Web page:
I bet you are all a wondering how much effort goes into a market, when you see a craftsperson at a stall, they look relaxed chatty, most will spend sometime explaining their work,it all looks so effortless. But if you knew how much work went into just the day not just the hours making the stuff, you would be surprised.

My van completely chocca

My van completely chocca

We did a market in Croydon my local ‘town’ this was the first one and in an area that is yet to realise it’s full potential, but a little out of the way.

The building behind the stalls is the old water pumping station, it started it’s life as a air pumping station that powered a fantastic atmospheric railway that ran into West Croydon, when the experiment failed it was re-erected as a pumping engine here. It extracted water from a well underneath, and still does with electric pumps.


We had a good day didn’t sell much, but being the first one ever we didn’t expect to, doing a market is a lot easier when your next door neighbour is talented ,our neighbour was an artist/illustrator and sketched what she saw.


We had an enjoyable day and our thanks go to the organisers at Green Croydon, who did the deeds.IMG_0740

We were really tired by the time we got home, it’s really hard work, the trick is making it look effortless by not collapsing at the stall.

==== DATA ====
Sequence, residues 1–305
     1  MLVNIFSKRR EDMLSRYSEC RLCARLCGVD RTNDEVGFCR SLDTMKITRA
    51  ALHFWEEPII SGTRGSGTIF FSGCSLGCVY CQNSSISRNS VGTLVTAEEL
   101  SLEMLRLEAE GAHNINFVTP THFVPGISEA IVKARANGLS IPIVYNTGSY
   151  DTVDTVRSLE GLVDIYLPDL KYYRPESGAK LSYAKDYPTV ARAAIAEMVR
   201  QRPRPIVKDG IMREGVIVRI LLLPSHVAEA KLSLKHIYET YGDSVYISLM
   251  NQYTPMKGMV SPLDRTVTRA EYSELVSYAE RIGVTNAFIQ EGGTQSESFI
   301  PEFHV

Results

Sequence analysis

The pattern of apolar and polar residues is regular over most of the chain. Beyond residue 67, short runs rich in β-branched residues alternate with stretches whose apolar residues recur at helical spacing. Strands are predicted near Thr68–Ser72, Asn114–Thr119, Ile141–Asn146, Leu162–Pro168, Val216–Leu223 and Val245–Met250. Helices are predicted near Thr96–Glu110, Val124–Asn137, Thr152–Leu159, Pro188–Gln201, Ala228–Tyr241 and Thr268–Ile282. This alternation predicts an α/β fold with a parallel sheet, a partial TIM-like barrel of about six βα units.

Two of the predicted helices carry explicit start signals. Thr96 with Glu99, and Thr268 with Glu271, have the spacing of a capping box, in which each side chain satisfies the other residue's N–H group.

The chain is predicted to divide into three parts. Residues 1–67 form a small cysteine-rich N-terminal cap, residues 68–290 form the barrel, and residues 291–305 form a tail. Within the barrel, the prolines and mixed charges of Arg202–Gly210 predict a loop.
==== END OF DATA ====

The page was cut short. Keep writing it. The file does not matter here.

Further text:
About timbartell

I was born in a flat in Lambeth the name of which was, Wedgewood house,China walk estate.I'd forgotten this until recently,it dawned on me the significance of the names after I had become interested in pottery/ceramics.I think of myself as a potter in the most practical sense,making pots for people to use.I have never had any formal training,I took it up when the table tennis class was full.My first flat was in the same road as a pottery centre, Elmwood pottery, the best in London, 18 sessions a week and a real community. I love my craft and bore everyone with it, so am grabbing this chance to bore more people via this blog.There may be the odd interesting item, here's hoping.
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